The Maple Leafs have brought back 6’2, 214-pound left-winger Kyle Clifford in a trade with the St. Louis Blues, the club announced on Tuesday.
Welcome back, Cliffy
We’ve acquired forward Kyle Clifford from St. Louis in exchange for future considerations. #LeafsForever
— Toronto Maple Leafs (@MapleLeafs) November 16, 2021
In case it is not obvious, the reason why the Leafs didn’t claim Clifford off of waivers when he was placed on the wire yesterday and traded for him today instead: The Leafs are now free to move him (and his $1 million cap hit) back and forth between the AHL and NHL until he’s spent 30 days on the active NHL roster (or played 10 NHL games) on account of the fact that he has already cleared waivers. The initial plan is likely to get Clifford up to speed with the Marlies given he has appeared in just two games this season, partly due to his time spent in Covid protocol.
This acquisition isn’t a shocker knowing the Leafs like Clifford’s character and experience (two-time Cup winner), he was one of Kyle Dubas’ first clients in Dubas’ time as a player agent, and we can confirm the Leafs had an appetite to bring him back in the 2020 offseason based on an interview quote from Brendan Shanahan shortly after Covid shut the league down in March 2020. The Leafs ended up going a different direction in the size/toughness/veteran savvy department with the likes of Wayne Simmonds and Joe Thornton signed to one-year contracts the following offseason, while Clifford signed a two-year deal in St. Louis. Clifford is playing out the final year of that $1 million AAV contract this season.
In his limited time as a Leaf back in 2019-20 (21 games, 1g, 2a) after he was originally acquired as part of the Jack Campbell trade, Clifford never really got fully acclimated to his new team before the league down and then picked up again months later in the bubble. He also spent a lot of time alongside the likes of Frederik Gauthier and Jason Spezza, which didn’t necessarily lend itself to the creation of a fourth-line identity that a player of Clifford’s hard-nosed attributes would thrive on, although they did put together some good shifts in the Columbus series. On a line opposite Wayne Simmonds, it might be a fit if the Leafs decide to give that a look at some point after Clifford is up to speed again.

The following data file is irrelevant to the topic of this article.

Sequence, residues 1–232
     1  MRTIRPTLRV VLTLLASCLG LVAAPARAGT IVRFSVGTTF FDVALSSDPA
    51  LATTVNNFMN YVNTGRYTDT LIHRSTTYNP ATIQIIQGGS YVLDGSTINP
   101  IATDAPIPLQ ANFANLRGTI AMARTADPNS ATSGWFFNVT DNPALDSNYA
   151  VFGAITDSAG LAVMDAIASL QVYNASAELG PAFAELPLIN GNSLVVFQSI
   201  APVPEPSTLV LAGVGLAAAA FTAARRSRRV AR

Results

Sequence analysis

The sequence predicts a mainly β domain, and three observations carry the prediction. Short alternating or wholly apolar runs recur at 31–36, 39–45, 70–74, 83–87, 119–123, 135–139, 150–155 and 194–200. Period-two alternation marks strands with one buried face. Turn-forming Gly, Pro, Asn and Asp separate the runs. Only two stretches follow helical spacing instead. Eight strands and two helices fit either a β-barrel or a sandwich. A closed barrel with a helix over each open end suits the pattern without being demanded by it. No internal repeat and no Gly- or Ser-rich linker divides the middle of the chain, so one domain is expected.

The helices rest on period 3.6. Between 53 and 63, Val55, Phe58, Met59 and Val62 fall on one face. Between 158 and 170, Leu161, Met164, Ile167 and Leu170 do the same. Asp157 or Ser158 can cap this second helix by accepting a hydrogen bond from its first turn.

I'm a fan of picking up Clifford for nothing. Still think he has some gas left in the tank and he can potentially run shotgun alongside Simmonds to cause chaos.
— Anthony Petrielli (@APetrielli) November 16, 2021
With just seven points in 50 games last season, Clifford is not going to add much speed or depth scoring to the lineup, but he’s not necessarily a totally useless player in the run of play; he’s 30 years old for another few months and he graded out well in play-driving metrics such as RAPM in LA (albeit on good possession teams) where could take a competent third-line shift if needed not that long ago. It’s been a few years since the height of his career in LA, though, and he was outscored 17-11 at 5v5 over his 52 regular-season games in St. Louis. He also has never been a regular penalty killer.
That said, the Leafs PK doesn’t really need extra help, and Clifford was close to break-even in 5v5 expected Goals and shot attempt share, in addition to his eight points in 52 games over his Blues career. Despite the poor goal metrics and a really low on-ice PDO, it’s not like he was a liability defensively or playing the whole game inside his own end. He should be able to provide competent enough fourth-line depth.
However often he actually suits up, Clifford’s veteran presence is what the Leafs are really after — both the physical element on the ice and his experience of playing on winning teams in the league. What the Leafs didn’t add with their free-agent signings of Kampf, Kase, Ritchie, Bunting, and Semyonov (while losing Zach Bogosian): any significant playoff experience or Cup-winning pedigree of note. Clifford’s reuniting with Jake Muzzin in Toronto doubles the amount of Stanley Cup rings in the locker room.